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DIEP Workshop | 16TH OF MAY | @  Koninklijke IGC at Dam square 27, Amsterdam, near IAS

Organizers: Jay Armas, André de Roos, Swarnendu Banerjee, Soroush Rafiee Rad, Han van der Maas, Mike Lees, Wout Merbis






An invitation to collective intelligence

What is the underlying nature of intelligence across scales and systems, including ecological, human, artificial and social systems?


This workshop will explore measures of intelligence, its foundations, evolution and role in shaping animal, human, social and democratic behaviour. Topics that will be discussed include the critical brain hypothesis, information transfer in multi-agent systems, and the dynamics of collective intelligence in changing environments.

This workshop is organised by DIEP in the context of the UvA Research Priority Areas Foundations and Applications of Emergence and Emergent Phenomena in Society.

Invited speakers 


David Krakauer
(Santa Fe Institute)


Susanne Shultz
(University of Manchester)


Thilo Gross
(University of Oldenburg)


Davide Grossi
(University of Amsterdam)

Schedule and Registration (free)

This event will take place in the Koninklijke IGC at Dam square 27, which is a short walk away from the IAS. Registration for this event is free, but required, please register hereDue to limited space, your registration is only final after confirmation from the organizers. For questions or remarks, please send an email to


09:00 – 09:30  Coffee on arrival in the library

09:40 – 09:45  Welcome and introduction

09:45 – 10:45  David Krakauer (Santa Fe Institute)

10.45 – 11.30  Susanne Shultz (U. of Manchester)

11:30 – 11:45  Short break

11:45 – 12:30  Thilo Gross (U. of Oldenburg)

12:30 – 13.30  Lunch

13:30 – 14:15  Davide Grossi (U. of Groningen)

14:15 – 15:00  Coffee & something sweet

David Krakauer (Santa Fe Institute)

Who Cares About Collective Intelligence?

I shall pose four open challenges for collective intelligence: (1) Scaling (what do we seek to capture with the adjective collective?); (2) Emergence (how and when is collective intelligence more than the sum of its intelligent parts?); (3) Problems (what is the function of collective intelligence?); and (4) Learning (why is learning important and collective adaptive evolution insufficient?). I do not have good answers to any of these questions! I look forward to our collective efforts to address them.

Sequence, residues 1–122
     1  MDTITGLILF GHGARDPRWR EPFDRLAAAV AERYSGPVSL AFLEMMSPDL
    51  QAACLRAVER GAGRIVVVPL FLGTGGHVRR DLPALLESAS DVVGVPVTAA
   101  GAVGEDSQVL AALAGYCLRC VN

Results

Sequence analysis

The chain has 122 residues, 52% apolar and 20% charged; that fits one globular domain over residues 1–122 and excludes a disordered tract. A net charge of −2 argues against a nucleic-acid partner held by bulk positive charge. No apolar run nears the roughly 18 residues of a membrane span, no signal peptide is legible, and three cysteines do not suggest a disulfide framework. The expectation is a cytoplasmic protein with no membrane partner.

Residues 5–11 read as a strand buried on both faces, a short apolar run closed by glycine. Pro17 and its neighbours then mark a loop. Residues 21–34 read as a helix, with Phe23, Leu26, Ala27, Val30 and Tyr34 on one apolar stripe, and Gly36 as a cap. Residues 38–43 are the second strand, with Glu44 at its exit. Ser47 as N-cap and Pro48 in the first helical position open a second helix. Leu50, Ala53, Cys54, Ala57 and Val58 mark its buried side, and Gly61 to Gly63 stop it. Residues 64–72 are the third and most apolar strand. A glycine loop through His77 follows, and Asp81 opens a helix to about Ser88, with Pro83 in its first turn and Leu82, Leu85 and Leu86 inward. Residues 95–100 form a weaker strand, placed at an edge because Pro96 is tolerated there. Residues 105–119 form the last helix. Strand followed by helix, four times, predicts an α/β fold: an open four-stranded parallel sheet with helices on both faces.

Susanne Shultz (University of Manchester)

The evolutionary ecology of multi-level societies: how structuring affect bodies, brains and behaviour

The evolution of complex animal societies represents a major evolutionary transition which leads to hierarchical structuring within populations. This multi-level structuring has both evolutionary and ecological impacts on of morphology, behaviour and physiology.  The nature of these impacts vary widely depending on the structure and stability of the social building blocks. The ecological impacts stem from repeated interactions coupled with shared environments and local selection pressures.  The evolutionary impacts are associated with species differences in brain size and behavioural richness. These ecological and evolutionary pattern will be discussed using case studies from primates, cetaceans and equids.

Thilo Gross (University of Oldenburg)

Critical Thinking: An analysis of phase transitions in information processing

A current hot topic in neuroscience is the so-called critical brain hypothesis. The idea that our brains may be operating in or near a phase transition. A similar concept, swarm criticality exists in collective intelligence. Here I examine the reasons why it is advantageous for information processing systems to be in a critical state and how they could get there from a dynamical systems perspective. Starting with quite fundamental mathematical reasoning we will discover some testable hypothesis regarding collective, social and classical (neuronal) intelligence.  

Davide Grossi (University of Groningen)

Deliberative Consensus

I will present a model of deliberative processes. The model focuses on a setting in which a community wishes to identify a strongly supported proposal from a large space of alternatives, in order to change a ‘status quo’ alternative. Agents dynamically form coalitions around proposals that they prefer over the status quo. Using this model I will show how the properties of the underlying abstract space of proposals and the ways in which agents can form coalitions affect the success of deliberation in identifying consensus positions. We show that, as the complexity of the proposal space increases, more complex forms of coalition formation are required in order to guarantee success. Intuitively, this seems to suggest that complex deliberative spaces require more sophisticated coalition formation abilities on the side of the agents. The model aims at providing theoretical foundations for the analysis of deliberative processes in platforms for democratic deliberation support.

This is joint work with Edit Elkind (University of Oxford), Ehud Shapiro (Weizmann Institute) and Nimrod Talmon (Ben-Gurion University).


Science & Cocktails_DB_March_2022-25_edited.jpg

Jácome (Jay) Armas
(University of Amsterdam)

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Han van der Maas
(University of Amsterdam)


André de Roos
(University of Amsterdam)


Mike Lees
(University of Amsterdam)


Swarnendu Banerjee
(University of Amsterdam)


Soroush Rafiee Rad
(University of Amsterdam)


Wout Merbis
(University of Amsterdam)

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